HC Deb 16 December 1982 vol 34 cc185-7W
Mr. Madel

asked the Secretary of State for Education and Science if he will make a further statement about the programme of recruitment by the universities of additional young researchers and lecturers and about additional provision for information technology, to which he referred in his statement on 18 November, Official Report, c. 41.

Sir Keith Joseph

Yes. This answer covers two separate but related initiatives—information technology on the one hand and "new blood" on the other. In accordance with the Government's policy of enhancing the strength of United Kingdom industry and commerce in information technology and of encouraging the wider application and acceptance of the new technology, I am making additional provision, beginning in 1983–84, for expansion of the training of qualified manpower, and of research, in fields relating to information technology.

Additional places will be made available in universities and polytechnics at all levels—postgraduate and post-experience, first degree and higher diploma and certificate courses—in disciplines related to information technology. In 1983–84 I am making provision for the support of some 600 more postgraduate and post-experience university students, mainly on one year advanced courses, including conversion courses, but also for three-year research training; and 400 more in the polytechnics, again mainly on one year courses including conversion. The awards, which will cover both maintenance and fees in the normal way, will be administered by the Science and Engineering Research Council.

On first degree, higher diploma and higher certificate courses there will be an additional 1,100 places in 1983–84. Extra grant will be given to the University Grants Committee for some 70 extra posts in the universities in 1983–84 and to the SERC for about 45 Research Fellowships. The location of the university posts will be decided by the UGC in consultation with the SERC. Provision is also included for the necessary teaching staff in the polytechnics and other maintained colleges.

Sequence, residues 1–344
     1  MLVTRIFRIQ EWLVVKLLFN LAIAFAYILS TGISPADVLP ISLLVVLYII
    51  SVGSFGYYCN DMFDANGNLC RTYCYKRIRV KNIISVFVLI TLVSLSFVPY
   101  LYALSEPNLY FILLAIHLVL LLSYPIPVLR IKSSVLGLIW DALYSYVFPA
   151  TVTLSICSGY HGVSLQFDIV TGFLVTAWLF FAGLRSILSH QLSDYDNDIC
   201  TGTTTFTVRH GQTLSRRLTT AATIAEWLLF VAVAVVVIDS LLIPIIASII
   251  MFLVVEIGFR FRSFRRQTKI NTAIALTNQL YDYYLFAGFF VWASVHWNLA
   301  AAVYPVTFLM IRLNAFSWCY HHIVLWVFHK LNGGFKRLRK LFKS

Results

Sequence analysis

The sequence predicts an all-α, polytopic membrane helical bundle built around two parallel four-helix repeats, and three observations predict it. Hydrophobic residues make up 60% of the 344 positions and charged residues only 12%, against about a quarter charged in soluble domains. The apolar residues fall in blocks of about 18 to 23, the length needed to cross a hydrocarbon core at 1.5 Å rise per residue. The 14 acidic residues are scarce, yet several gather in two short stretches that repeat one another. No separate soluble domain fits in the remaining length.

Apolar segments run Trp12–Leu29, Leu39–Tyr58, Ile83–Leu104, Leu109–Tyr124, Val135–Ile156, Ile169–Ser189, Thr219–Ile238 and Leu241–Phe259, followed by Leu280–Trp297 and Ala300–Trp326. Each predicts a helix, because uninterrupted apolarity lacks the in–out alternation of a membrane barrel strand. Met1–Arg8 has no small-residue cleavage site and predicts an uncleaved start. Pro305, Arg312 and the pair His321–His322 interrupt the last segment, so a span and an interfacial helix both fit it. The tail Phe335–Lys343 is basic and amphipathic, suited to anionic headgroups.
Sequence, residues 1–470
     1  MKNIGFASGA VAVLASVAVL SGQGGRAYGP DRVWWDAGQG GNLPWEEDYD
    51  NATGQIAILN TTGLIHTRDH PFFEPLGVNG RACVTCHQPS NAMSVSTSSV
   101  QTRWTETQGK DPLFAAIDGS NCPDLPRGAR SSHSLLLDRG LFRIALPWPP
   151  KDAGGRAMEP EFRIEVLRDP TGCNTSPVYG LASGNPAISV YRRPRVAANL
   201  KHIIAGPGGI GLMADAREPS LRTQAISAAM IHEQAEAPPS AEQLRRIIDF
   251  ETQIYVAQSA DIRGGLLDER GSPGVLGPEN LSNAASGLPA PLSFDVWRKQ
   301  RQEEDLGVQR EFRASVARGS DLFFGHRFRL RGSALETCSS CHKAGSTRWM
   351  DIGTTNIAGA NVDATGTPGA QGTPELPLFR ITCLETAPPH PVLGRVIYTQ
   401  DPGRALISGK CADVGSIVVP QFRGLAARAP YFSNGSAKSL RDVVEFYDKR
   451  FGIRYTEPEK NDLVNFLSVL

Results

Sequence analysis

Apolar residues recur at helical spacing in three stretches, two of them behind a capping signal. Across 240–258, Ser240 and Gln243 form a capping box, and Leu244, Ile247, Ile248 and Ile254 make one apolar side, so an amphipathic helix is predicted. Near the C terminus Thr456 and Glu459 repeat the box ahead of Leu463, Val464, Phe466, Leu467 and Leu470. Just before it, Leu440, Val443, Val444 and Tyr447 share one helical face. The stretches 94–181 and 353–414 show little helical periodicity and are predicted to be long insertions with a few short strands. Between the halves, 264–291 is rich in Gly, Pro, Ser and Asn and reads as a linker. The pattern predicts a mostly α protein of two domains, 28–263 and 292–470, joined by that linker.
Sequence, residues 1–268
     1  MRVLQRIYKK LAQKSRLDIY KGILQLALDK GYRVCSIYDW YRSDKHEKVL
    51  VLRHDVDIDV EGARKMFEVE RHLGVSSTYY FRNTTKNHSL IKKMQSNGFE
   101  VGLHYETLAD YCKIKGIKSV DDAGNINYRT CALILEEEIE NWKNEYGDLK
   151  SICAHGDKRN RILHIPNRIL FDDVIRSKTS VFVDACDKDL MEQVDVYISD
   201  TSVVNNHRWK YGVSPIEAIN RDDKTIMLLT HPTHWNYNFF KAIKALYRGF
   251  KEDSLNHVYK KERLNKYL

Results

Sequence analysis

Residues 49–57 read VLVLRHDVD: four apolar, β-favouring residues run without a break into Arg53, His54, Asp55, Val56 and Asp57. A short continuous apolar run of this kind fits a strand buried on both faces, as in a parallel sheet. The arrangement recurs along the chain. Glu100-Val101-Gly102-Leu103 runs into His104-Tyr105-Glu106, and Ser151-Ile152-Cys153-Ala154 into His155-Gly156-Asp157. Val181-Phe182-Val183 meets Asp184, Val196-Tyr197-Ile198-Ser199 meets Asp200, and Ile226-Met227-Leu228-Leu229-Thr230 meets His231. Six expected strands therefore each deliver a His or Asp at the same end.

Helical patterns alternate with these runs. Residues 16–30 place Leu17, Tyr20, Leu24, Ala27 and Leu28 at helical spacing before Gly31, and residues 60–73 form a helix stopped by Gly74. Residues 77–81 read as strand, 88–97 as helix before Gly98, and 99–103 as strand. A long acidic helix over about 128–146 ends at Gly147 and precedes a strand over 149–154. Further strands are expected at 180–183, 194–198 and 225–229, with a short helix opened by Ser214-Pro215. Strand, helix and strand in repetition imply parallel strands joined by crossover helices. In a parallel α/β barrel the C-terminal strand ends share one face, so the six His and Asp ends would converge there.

As I announced in my statement of 8 November, an additional £2 million is being made available in non-advanced further education in 1983–84 to strengthen the training of technicians and related staff in information technology.

It is my intention, subject to the annual review of public expenditure, that these programmes should increase in the following two years to secure, in 1985–86, some 2,000 extra postgraduate and post-experience students with a similar expansion at lower levels, some 400 additional staff in universities and polytechnics, and a trebling of research fellowships.

On research, I accept the advice of the Advisory Board for the Research Councils that within the science Vote high priority should be given to information technology, and that the Science and Engineering Research Council should devote an additional £5 million in 1983–84 to research in this field, partly by redeployment within the science Vote and partly by additional provision. I have therefore augmented its 1983–84 allocation accordingly; and, subject to the annual review of public expenditure, intend to provide further funds for this purpose in the two following years on the lines indicated by the board.